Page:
By faith we not only believe in the Lord Jesus Christ but we also feed on the Lord Jesus Christ, a nourishment to us. As you move through life, use these experiences as incentives to feed on the Lord Jesus Christ.
Thomas Watson asks the question: How can we stimulate a spiritual appetite? Then, he says, think about what makes you eager to eat a meal. He offers two answers: 1. Exercise (that’s obvious). But his second answer caught you by surprise: “There are two things that provoke appetite. 1. Exercise 2. Sauce!”
What makes food more attractive? Sauce! This is the tomato sauce or tobacco moment. Let us now apply it in this way: God increases our hunger and thirst for righteousness by: The sweet sauce of our blessings, the sharp sauce of our troubles, and the hot sauce of our persecutions.
When blessing come learn to say, “God is so good, I want to know more of Him.” When troubles, difficulty or persecution come, learn to say,
“My flesh and my heart may fail but God is the strength of my heart and my portion forever” (Psalm 73:26).
Use your blessings, use your troubles, whether it be sweet sauce or whether it be hot sauce, as incentives to feed on Jesus Christ!
Trust Christ especially for your sanctification
“Now may the God of peace Himself sanctify you completely, and may your whole spirit and soul and body be kept blameless at the coming of our Lord Jesus Christ. He who calls you is faithful; He will surely do it.” (1 Thessalonians 5:23-24)
Some Christians feel they can trust Christ to forgive their sins, and they can trust Him to get them into heaven, but when it comes to becoming a better Christian, a more effective Christian, a more loving Christian, a Christian who is more like Jesus Christ, they feel completely hopeless.
They trust Christ for their justification and their glorification, but they do not trust Christ for their sanctification. Here’s my challenge to you: Think about Christ. He came to save His people from their sins (Matthew 1:21).
Christ didn’t come just for the guilt of your sins or the consequence of your sins. He came to save you from your sins, and to deliver you from all that holds you back from a better life. What has He done?
He has triumphed over death and hell. He is seated at the right hand of the Father with all authority and power, and his Spirit lives in you. Christ is your righteousness, sanctification, and redemption.
“And because of Him you are in Christ Jesus, who became to us wisdom from God, righteousness and sanctification and redemption.” (1 Corinthians 1:30).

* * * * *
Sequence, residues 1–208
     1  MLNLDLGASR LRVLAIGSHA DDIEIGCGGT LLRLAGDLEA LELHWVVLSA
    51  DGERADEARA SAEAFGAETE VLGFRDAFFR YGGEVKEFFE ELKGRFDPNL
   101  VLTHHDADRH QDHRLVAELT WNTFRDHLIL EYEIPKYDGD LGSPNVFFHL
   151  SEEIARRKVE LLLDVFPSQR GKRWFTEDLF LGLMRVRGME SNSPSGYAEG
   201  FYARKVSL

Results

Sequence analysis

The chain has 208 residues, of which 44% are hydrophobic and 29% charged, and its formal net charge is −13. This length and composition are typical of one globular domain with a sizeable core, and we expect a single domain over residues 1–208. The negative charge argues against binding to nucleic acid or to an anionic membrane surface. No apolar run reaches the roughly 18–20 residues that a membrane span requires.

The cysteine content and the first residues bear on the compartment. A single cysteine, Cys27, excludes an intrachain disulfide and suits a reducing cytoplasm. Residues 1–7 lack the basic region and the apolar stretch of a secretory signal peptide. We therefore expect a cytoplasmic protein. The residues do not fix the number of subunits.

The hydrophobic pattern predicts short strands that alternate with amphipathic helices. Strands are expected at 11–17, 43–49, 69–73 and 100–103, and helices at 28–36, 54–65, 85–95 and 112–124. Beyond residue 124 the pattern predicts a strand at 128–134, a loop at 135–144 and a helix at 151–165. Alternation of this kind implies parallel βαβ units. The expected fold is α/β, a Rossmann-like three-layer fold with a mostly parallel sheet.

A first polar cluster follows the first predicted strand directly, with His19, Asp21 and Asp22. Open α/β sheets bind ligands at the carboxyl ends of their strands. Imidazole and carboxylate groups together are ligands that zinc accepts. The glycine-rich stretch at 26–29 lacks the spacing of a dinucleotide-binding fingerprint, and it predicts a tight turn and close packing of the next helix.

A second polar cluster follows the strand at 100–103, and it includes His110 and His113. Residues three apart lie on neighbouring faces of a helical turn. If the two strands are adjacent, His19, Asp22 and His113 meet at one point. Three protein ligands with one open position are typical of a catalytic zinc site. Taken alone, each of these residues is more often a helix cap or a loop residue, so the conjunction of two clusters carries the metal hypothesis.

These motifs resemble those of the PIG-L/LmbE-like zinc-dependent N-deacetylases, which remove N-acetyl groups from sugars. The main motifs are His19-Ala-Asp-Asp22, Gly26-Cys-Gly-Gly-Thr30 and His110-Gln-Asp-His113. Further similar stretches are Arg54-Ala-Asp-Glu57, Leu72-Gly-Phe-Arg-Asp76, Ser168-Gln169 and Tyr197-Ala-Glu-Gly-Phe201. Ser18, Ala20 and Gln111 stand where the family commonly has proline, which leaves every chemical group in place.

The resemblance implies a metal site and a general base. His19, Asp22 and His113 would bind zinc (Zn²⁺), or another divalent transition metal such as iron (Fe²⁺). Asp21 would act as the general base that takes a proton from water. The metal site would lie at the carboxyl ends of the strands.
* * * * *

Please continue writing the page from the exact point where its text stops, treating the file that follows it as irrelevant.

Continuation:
If you can trust Jesus Christ for forgiveness and if you can trust Him for entrance into heaven, why is it so difficult for you to trust Him to help you change by cultivating a new hunger and thirst for righteousness?
Hope is the key to all change
As long as you believe that change is beyond you, you will never change, because you won’t attempt to change. You won’t try to change, because you believe in the depth of your soul that any attempt will end in failure.
Somewhere deep inside, you believe that you will always be the same, that you can never be different, and without hope change never happens.
Let’s take a moment to shine the light of hope into the hearts of discouraged believers. “Blessed are those who hunger and thirst for righteousness”. Why? Because “they will be satisfied”!
When you see Christ, you will be like Him (1 John 3:2). You’ve trusted Christ for this. Think what it will mean for you to be like Christ. Think of His wisdom, His compassion, His patience, His kindness, His righteousness, and His strength.
If you can trust Christ to complete His redeeming work in you then, why should you not trust Him to advance His redeeming work in you now? If you can trust Him to make you completely like Christ on the last day, why should you not trust Him to make you more like Christ on earth?
I’m inviting you today to trust Christ for your sanctification. This is where change begins, when you say, “There is hope for me to be a better person, to live a better life in Jesus Christ.” The person who knows that one day he will be fully like Jesus Christ purifies himself, even as Christ is pure.
Blessed are those who hunger and thirst for God and for righteousness. They will not be disappointed.
Let us pray:
Father help us to go after a godlier life here and now on earth with everything that is within us, using every strategy and every opportunity. Shake us O Lord from this poor and half-hearted Christian life as if eternity is not looming. Grant us Father that hunger and thirst for You increases and Holy Spirit grow us to become more like our Lord Jesus Christ. Father, hasten the day when that hunger will be fully and finally satisfied in the presence of Jesus. And when we see Him, we will be fully like Him. Yes Lord, all through the grace of Jesus Christ the Righteous One in whose Name we pray, Amen.